Chinese input methods are methods that allow a computer user to input Chinese characters. Most, if not all, Chinese input methods fall into one of two categories: phonetic readings or root shapes. Methods under the phonetic category usually are easier to learn but are less efficient, thus resulting in slower typing speeds because they typically require users to choose from a list of phonetically similar characters for input, whereas methods under the root shape category allow very precise and speedy input but have a steep learning curve because they often require a thorough understanding of a character's strokes and composition.
Hanyu Pinyin, often shortened to just pinyin, is the official romanization system for Standard Mandarin Chinese in China, and to some extent, in Singapore and Malaysia. It is often used to teach Mandarin, normally written in Chinese form, to learners already familiar with the Latin alphabet. The system includes four diacritics denoting tones, but pinyin without tone marks is used to spell Chinese names and words in languages written in the Latin script, and is also used in certain computer input methods to enter Chinese characters. The word Hànyǔ literally means "Han language", while Pīnyīn (拼音) means "spelled sounds".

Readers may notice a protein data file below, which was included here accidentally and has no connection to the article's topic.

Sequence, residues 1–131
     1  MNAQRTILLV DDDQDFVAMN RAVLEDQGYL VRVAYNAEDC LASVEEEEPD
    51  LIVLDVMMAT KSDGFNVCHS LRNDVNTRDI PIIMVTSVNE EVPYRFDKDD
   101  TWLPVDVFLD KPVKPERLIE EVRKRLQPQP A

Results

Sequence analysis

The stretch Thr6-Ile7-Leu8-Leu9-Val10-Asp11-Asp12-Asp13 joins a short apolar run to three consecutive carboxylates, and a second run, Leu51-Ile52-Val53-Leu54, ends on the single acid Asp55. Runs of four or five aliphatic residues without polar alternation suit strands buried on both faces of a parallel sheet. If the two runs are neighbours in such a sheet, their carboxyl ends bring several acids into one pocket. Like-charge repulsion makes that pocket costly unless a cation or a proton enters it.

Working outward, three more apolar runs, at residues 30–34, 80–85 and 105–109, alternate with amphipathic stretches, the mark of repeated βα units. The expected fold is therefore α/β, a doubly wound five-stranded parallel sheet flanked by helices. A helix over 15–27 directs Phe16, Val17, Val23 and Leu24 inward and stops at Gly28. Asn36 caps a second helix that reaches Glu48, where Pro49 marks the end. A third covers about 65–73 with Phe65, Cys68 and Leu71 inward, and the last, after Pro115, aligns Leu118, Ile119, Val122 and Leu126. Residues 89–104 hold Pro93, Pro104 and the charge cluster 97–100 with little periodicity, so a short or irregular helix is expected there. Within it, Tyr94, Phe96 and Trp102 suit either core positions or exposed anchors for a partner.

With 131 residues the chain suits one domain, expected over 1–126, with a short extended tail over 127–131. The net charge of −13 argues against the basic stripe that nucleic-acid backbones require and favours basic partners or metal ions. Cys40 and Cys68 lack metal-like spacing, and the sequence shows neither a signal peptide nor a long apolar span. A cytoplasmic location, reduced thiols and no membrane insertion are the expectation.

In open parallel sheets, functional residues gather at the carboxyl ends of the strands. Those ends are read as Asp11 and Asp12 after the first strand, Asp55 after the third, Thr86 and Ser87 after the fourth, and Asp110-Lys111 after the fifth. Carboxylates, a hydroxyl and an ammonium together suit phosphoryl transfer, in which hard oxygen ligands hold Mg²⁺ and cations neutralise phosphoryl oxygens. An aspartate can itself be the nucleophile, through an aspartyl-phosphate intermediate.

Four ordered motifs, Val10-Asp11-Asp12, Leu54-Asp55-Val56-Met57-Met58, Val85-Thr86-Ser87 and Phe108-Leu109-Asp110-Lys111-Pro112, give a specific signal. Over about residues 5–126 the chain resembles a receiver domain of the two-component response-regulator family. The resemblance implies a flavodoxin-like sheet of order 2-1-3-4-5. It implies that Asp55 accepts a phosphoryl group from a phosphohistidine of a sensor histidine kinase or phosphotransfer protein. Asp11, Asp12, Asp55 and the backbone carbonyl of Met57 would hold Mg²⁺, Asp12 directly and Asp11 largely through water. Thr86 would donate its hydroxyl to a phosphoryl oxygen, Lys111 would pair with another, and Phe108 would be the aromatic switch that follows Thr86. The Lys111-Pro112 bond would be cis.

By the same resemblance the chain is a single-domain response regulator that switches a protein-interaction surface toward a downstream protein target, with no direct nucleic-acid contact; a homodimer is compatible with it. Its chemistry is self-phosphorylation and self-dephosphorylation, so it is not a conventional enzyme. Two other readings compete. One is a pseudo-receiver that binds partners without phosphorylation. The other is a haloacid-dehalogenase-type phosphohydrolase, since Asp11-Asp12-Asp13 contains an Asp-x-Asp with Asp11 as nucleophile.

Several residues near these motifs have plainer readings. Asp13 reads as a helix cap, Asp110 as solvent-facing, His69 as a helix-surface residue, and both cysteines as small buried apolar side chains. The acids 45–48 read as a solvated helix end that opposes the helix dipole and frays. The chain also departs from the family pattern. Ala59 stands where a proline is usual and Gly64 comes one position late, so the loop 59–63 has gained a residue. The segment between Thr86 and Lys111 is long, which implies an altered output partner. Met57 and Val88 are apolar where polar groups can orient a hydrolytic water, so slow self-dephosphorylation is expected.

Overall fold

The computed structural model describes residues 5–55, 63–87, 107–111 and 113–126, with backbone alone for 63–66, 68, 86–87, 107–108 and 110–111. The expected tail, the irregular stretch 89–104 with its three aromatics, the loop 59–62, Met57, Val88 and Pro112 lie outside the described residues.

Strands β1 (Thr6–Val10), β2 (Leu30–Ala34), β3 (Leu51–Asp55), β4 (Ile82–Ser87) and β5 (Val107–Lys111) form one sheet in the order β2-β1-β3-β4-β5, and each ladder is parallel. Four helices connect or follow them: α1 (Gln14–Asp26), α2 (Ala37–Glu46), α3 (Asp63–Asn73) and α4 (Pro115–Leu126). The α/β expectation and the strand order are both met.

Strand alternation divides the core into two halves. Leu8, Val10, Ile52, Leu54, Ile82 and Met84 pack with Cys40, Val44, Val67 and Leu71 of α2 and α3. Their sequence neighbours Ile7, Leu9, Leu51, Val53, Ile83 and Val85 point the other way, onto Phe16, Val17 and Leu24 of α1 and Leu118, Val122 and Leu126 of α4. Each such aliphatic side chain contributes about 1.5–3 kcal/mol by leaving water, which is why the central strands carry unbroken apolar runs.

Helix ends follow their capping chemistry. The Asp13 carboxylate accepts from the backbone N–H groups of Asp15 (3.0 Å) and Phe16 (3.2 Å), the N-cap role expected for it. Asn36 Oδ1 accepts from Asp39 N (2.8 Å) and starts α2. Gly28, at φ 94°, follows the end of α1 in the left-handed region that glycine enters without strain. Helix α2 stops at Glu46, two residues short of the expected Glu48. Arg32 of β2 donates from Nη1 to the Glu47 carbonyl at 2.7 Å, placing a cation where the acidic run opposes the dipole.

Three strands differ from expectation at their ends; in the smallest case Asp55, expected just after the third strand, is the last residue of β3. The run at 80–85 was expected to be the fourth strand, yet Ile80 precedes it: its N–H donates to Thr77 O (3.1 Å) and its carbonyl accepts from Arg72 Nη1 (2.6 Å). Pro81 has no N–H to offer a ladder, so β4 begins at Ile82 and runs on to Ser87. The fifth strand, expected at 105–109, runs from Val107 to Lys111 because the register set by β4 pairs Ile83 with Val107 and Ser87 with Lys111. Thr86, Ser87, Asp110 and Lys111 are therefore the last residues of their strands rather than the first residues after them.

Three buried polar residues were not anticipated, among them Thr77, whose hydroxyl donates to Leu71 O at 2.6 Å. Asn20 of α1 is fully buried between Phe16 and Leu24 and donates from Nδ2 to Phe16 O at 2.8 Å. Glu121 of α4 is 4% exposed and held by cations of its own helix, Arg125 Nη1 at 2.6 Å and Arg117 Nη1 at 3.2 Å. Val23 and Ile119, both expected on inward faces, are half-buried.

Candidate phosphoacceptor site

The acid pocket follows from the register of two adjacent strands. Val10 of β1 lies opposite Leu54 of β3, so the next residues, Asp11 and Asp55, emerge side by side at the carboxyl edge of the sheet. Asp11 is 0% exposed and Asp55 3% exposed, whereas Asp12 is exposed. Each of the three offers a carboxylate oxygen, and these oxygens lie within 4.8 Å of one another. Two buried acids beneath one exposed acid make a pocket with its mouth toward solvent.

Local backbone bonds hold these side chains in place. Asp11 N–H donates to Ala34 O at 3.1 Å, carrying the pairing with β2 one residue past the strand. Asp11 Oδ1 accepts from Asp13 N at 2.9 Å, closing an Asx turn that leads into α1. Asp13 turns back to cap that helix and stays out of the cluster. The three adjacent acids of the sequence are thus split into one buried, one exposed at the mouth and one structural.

Wade–Giles is a romanization system for Mandarin Chinese. It developed from a system produced by Thomas Francis Wade, during the mid-19th century, and was given completed form with Herbert A. Giles's Chinese–English Dictionary of 1892.
Cantonese is a language within the Chinese (Sinitic) branch of the Sino-Tibetan languages originating from the city of Guangzhou and its surrounding area in Southeastern China. It is the traditional prestige variety of the Yue Chinese dialect group, which has over 80 million native speakers. While the term Cantonese specifically refers to the prestige variety, it is often used to refer to the entire Yue subgroup of Chinese, including related but largely mutually unintelligible languages and dialects such as Taishanese.
Simplified Cangjie, known as Quick or Sucheng is a stroke based keyboard input method based on the Cangjie IME (倉頡輸入法) but simplified with select lists. Unlike full Cangjie, the user enters only the first and last keystrokes used in the Cangjie system, and then chooses the desired character from a list of candidate Chinese characters that pops up. This method is popular in Taiwan and Hong Kong, the latter in particular.
The Hong Kong Government uses an unpublished system of Romanisation of Cantonese for public purposes which is based on the 1888 standard described by Roy T Cowles in 1914 as Standard Romanisation. The primary need for Romanisation of Cantonese by the Hong Kong Government is in the assigning of names to new streets and places. It has not formally or publicly disclosed its method for determining the appropriate Romanisation in any given instance.